There is no specifically Christian style, just good and bad building, though in their symbolic content, whether decorative or spatial, buildings convey meanings, which may or may not be based on Christian truth. To ignore this aspect is at the least to imply that God does not care.

However a building can only witness by its suitability and beauty, the care shown by its designer, like Creation itself. (Ps.19v1-6). Words of witness (Ps.19v7ff) come through its users or through the architect in his relationship with client, consultants and contractor.

Cultural artefacts are important and can represent continuity (Jer. 30v18) and a people's place in the world; hence the outcry against the destruction of the cultural heritage of former Yugoslavia, and more recently in Iraq.  However for Christians, like Abraham, our city is from God. We have spiritual security and like Paul we should be content with whatever level of cultural goodies we have.

3: Christian Principles Applied to Architecture

Much has been written on church design, but that is a subset of what we want to study here - to seek a Christian approach applicable to the design of all building types.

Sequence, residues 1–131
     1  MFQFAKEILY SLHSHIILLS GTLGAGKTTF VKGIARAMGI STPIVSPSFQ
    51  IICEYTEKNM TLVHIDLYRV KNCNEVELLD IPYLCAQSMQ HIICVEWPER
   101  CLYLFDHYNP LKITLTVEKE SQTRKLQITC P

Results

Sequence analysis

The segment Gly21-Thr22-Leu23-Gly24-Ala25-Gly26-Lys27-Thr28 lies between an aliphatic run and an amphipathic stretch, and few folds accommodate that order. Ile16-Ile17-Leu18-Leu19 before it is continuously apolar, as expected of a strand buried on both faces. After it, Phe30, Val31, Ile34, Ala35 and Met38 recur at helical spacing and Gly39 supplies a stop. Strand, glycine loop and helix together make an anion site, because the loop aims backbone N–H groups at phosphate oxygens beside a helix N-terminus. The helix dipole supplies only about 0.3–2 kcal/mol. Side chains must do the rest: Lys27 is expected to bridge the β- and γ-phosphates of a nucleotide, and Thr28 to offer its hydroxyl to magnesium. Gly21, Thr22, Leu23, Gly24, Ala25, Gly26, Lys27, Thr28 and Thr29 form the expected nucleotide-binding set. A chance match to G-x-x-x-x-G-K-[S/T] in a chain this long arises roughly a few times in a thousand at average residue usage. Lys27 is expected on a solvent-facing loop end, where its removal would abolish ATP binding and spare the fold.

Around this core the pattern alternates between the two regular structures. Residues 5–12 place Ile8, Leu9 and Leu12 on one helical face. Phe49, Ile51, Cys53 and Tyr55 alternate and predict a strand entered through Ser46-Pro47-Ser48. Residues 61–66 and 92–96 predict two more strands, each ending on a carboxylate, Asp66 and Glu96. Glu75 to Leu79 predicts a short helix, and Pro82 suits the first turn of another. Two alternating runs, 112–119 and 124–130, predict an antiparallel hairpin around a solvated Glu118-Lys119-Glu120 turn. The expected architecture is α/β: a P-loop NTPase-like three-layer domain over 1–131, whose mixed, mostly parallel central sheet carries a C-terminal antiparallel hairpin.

Everyone acknowledges that architecture is an art - otherwise it is mere building and purely utilitarian.

Much has been written on art from a Christian perspective and most of that is relevant to architecture.

However architecture is also craft and/or technology, the application of science and technical knowledge without which the utilitarian aspect fails.

A Christian approach to science is based on our freedom to explore Creation as shown by Adam naming the animals, and the description of Havilah with its minerals awaiting exploitation, both in Genesis 2.

Of equal if not greater importance architecture is a service, not simply architects serving their clients, but exercising their responsibility to the wider community who will be affected by their work. It extends even beyond this to serve the poor and marginalised of the world, to empower them to build environments which meet their aspirations, and which enable them to enjoy their fair share of the world's resources, and to carry out their God-given tasks.

The purpose of a building is therefore important, and a Christian architect may not want to design a mosque or temple which promote another religion, nor a cigarette factory or brewery. However most building types are neutral, indeed positively good, for example houses and schools, and the moral aspect is to do with the behaviour of the building users.

Designing to meet peoples' needs could be covered by the command to love one's neighbour; that is so but needs working out in detail.

Building is part of using the world's resources, part of the Cultural Mandate given by God to mankind to exercise good stewardship over the earth's resources for the equal benefit of everyone. This includes not only material and energy resources, but also labour, tools and machines, and for the Christian the spiritual resources of prayer and discerning God's will.